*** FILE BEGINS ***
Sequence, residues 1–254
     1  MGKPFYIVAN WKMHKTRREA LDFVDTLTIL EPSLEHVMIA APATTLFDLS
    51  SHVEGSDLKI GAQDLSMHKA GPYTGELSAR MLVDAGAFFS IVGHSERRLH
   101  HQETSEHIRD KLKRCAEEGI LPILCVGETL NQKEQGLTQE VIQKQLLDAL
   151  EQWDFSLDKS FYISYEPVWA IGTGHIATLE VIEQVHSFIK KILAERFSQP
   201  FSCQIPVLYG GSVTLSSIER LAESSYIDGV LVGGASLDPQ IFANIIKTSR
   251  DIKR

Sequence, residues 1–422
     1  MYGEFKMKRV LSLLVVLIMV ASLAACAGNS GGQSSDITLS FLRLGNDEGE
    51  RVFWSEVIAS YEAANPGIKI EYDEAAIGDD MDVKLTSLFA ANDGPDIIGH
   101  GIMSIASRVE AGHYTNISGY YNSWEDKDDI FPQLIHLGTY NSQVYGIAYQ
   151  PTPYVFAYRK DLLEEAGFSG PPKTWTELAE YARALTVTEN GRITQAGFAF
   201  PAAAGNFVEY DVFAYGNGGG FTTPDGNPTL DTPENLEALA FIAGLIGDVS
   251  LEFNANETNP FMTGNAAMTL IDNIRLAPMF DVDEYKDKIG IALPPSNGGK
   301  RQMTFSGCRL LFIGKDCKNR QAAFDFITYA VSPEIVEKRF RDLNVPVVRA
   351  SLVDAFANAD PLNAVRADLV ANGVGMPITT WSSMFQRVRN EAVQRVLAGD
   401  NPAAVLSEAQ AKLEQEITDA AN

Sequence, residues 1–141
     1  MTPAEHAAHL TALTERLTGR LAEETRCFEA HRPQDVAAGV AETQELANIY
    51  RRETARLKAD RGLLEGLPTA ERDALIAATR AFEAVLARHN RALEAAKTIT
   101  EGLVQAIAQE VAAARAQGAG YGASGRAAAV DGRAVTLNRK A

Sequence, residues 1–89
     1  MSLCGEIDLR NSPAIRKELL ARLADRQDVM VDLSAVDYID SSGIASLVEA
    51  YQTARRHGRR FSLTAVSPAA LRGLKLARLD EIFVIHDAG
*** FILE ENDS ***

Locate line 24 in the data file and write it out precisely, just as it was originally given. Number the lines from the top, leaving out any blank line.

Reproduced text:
    51  YQTARRHGRR FSLTAVSPAA LRGLKLARLD EIFVIHDAG